Crescent City Creeps #8

 

 

Hello Hooray

Winston Cross dropped the peregrine into a padded briefcase and snapped it shut. He threw the briefcase into the back seat of his car and opened the driver’s side. Sturgis took three shots at Cross with a revolver. Cross looked like he was in a movie that was getting tangled in the projector and the bullets sailed through him.

Cross frowned at Sturgis and shook his head with more pathos than anger. Like he was confronting a brother who can’t handle his hootch. Sturgis stared frozen and his face fell into involuntary penitence, “I won’t hold that against you, Verne. I can see why you would be so angry. And terrified.” Cross slid into the driver’s seat and tore off.

 

“We have to go after him,” Toli said yanking on Delareux’s jacket.

“Not tonight,” Delareux murmured, watching Cross’s car shrink as it departed.

“What about that guy has you rattled? We’ve seen things walk through walls.”

“It’s like I said, be either corporeal or incorporeal. Not both.”

“What difference does it make?”

“I’m not locking horns with anything that can walk through a wall and put a slug in my gut.”

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Crescent City Creeps #6

 

 

One Hell of a Party

Shelby sat crouched in the bushes as she had done for almost a year now. Every night, since last November, she’d skulk down dark old lanes, darting from shadow to shadow in an effort see her idol at work; the cat burglar Le Bec. Shelby would sneak into theaters during the day, napping and dreaming along with her screen heroes. When she grew up she was going to be Robin Hood.

“Maid Marian is for girls who went to school,” she would think.

But no character played by Errol Flynn or Douglas Fairbanks could hold a candle to Le Bec. Le Bec had the advantage of being real. Shelby would sit, unseen and observe, learning.

Tonight, Le Bec sat crouched on the the ledge of a third storey window. The house belonged to the Professor Emeritus of Anthropology at Tulane, Giles Parker. Le Bec had overheard a conversation Parker was having at a recent social gathering to celebrate the re-election of Verne Sturgis to the Louisiana Circuit Court of Appeals. The exchange concerned the relocation of an artifact of great power to Parker’s house. Le Bec remembered Parker sounding reluctant, but was eventually brow beaten by Judge Sturgis who seemed keen to have it relocated from his home.

“We drew the lots, Parker. It’s your turn to house the Jade Peregrine,” Sturgis growled.

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Crescent City Creeps #5

And In The End

 

“What are you playing at?” Delareux grumbled at Rasputin who was holding Toli and him at gunpoint in his lab.

“Thanks to the many fine subjects, yielded by the streets of New Orleans, I’ve have finally perfected a serum that will give me an unstoppable army. Soon the Goblin Liberation Army will administer my Ichor into the water supply and the whole city be a mighty force,” Rasputin flipped a switch and the portraits of Tsar Nicholas II and Alexandra slid up and revealed the preserved corpses of the same, in glass cases, “A force I will use to crush the Soviets, bringing glory back to the Russian Empire, to Tsar Nicholas and his lovely bride Alexandra.”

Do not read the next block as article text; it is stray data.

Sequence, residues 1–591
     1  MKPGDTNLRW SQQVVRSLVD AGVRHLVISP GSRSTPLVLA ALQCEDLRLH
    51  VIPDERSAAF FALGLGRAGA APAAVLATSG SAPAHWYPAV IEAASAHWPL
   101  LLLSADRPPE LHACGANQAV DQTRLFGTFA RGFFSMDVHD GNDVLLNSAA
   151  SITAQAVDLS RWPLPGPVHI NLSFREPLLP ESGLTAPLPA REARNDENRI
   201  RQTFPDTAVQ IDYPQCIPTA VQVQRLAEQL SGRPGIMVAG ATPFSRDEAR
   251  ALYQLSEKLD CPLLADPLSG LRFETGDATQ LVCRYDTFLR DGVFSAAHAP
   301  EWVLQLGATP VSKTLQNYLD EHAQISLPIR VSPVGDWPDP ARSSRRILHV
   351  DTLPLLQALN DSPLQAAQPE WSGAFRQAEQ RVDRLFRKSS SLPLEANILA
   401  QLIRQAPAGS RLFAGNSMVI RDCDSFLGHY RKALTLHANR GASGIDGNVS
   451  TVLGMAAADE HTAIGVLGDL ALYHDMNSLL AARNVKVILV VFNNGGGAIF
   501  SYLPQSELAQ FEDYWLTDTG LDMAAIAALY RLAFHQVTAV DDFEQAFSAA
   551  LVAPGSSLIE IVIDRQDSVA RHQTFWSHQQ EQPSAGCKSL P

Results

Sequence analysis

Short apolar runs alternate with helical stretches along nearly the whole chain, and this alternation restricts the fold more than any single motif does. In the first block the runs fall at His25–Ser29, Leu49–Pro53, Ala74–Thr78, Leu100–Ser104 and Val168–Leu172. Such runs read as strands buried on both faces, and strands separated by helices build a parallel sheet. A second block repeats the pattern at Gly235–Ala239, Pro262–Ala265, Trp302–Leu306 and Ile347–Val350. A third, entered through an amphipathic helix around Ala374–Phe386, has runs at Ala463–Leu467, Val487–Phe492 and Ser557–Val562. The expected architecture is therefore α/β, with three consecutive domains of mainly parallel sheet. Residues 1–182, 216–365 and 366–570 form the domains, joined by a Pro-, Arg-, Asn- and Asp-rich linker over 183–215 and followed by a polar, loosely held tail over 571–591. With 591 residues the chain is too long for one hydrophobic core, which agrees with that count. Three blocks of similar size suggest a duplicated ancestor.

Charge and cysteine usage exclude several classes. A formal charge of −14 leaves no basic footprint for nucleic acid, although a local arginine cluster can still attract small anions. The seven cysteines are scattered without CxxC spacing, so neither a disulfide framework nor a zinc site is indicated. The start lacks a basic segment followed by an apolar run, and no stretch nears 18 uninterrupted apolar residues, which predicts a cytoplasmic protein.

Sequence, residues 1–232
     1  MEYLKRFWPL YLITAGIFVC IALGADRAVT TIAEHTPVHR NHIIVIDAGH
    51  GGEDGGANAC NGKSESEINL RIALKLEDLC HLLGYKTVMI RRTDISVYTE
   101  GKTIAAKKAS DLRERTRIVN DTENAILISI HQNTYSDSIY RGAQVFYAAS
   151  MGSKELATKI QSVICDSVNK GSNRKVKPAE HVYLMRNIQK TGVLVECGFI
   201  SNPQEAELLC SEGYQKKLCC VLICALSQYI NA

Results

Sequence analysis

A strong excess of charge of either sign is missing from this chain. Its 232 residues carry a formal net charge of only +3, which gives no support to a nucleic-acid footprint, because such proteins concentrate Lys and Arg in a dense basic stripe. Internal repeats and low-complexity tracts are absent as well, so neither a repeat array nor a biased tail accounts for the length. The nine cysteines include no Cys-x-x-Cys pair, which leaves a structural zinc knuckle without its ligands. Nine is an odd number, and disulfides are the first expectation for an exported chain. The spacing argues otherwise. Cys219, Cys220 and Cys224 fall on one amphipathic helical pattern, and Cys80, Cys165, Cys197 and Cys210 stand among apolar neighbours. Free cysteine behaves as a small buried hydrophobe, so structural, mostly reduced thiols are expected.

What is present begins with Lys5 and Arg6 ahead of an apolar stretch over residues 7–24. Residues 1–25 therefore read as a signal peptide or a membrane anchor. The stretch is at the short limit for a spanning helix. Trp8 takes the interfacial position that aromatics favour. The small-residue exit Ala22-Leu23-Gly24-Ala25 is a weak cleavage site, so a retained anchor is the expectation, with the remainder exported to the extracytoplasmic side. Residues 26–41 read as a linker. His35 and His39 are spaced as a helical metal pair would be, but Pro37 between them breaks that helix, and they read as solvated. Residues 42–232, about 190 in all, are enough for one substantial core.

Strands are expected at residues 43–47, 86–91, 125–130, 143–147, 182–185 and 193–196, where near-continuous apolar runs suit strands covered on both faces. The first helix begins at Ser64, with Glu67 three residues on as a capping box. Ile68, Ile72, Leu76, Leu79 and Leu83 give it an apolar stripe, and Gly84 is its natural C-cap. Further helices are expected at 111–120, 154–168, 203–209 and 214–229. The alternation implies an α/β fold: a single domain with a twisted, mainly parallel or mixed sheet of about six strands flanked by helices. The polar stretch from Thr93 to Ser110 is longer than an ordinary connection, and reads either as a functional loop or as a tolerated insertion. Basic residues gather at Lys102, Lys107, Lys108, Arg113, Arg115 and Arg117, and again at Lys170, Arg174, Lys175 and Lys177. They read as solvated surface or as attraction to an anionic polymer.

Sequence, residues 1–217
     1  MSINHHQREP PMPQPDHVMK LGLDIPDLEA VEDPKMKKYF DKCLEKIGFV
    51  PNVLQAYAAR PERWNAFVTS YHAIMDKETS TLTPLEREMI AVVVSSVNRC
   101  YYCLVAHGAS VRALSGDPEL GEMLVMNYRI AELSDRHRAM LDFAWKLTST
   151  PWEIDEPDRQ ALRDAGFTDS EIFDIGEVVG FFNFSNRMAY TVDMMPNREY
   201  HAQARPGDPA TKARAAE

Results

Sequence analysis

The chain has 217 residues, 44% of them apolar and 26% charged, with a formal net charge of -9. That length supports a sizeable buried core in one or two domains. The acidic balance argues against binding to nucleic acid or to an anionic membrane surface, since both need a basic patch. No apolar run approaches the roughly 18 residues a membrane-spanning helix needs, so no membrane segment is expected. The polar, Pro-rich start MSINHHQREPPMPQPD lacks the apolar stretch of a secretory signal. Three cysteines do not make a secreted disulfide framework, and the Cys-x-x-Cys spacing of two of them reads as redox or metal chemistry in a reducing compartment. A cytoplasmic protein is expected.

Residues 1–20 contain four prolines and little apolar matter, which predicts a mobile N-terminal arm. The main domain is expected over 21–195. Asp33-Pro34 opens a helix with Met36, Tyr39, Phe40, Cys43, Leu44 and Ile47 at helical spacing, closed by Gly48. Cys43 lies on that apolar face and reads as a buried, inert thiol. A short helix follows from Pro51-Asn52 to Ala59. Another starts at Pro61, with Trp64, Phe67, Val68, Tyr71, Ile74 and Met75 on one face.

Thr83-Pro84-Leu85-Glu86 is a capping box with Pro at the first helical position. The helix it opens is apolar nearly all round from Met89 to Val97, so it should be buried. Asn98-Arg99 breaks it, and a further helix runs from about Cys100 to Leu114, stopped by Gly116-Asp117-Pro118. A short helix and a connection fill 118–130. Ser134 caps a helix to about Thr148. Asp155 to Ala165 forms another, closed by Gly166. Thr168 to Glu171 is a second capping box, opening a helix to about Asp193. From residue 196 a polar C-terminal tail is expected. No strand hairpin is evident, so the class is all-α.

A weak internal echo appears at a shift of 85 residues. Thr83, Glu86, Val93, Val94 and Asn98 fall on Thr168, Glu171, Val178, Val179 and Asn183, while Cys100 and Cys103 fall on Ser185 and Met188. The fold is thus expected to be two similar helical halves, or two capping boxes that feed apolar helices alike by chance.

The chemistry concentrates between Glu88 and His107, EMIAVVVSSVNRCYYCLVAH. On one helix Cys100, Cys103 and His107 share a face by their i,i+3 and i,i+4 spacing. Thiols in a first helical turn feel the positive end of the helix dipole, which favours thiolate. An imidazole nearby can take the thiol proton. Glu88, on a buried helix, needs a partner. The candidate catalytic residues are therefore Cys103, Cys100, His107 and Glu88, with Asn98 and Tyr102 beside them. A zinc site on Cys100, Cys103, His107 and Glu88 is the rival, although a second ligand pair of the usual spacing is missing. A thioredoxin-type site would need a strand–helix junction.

“You’re insane,” Toli barked, “They’re dead.”

“Is okay,” Rasputin replied, “I know a guy. Now, you two. You’ve been thorns in my side long enough,” he raised his gun to shoot.

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Crescent City Creeps #4

Children of the Revolution

Randal charged toward Shelby and Delareux swinging an immense boulder of a fist. The chain he was leashed to snapped taut and yanked Randal back. His fist passed in front of Delareux’s face, hitting him with a foul smelling breeze. A goblin leapt, grabbed onto Randal and scaled his torso. It began fiddling with the latch that restrained the beast. Randal grabbed the goblin and flung its crumpled corpse into the frenzied crowd. Randal roared. The combination of powerful lungs and a diminutive head made his roar sound like a foghorn. The low, gurgling undertone vibrated the wooden supports. Delareux saw the glare of the torchlights in the windows swaying in rhythm. The whole building shook.

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Crescent City Creeps #3

Blowin’ Like a Hurrican’

Anatoli and Delareux walked down a narrow, rugged street. Either side was lined with ancient, wooden structures. Most were two floors and had balconies railed off with dirty, worn French Provincial ornamentation. From some jutted overhangs and awnings that almost spanned the street. In front of every building and spilling out into the streets, were vendors and their carts and booths. Cars were parked along the sides leaving one with no notion as to how a car managed to navigate the anarchy. A main street shopping center filtered through an eldritch lens. Delareux stopped at the door of the loudest establishment and lit a cigarette. He held out his open cigarette case toward Toli.

“We’re early,” Delareux murmured.

“It’s seven o’clock,” Toli consulted his fob with one hand, accepted Delareux’s offer with the other, “I thought he got here six thirty sharp?”

“I would like to approach the doctor in a more relaxed state.”

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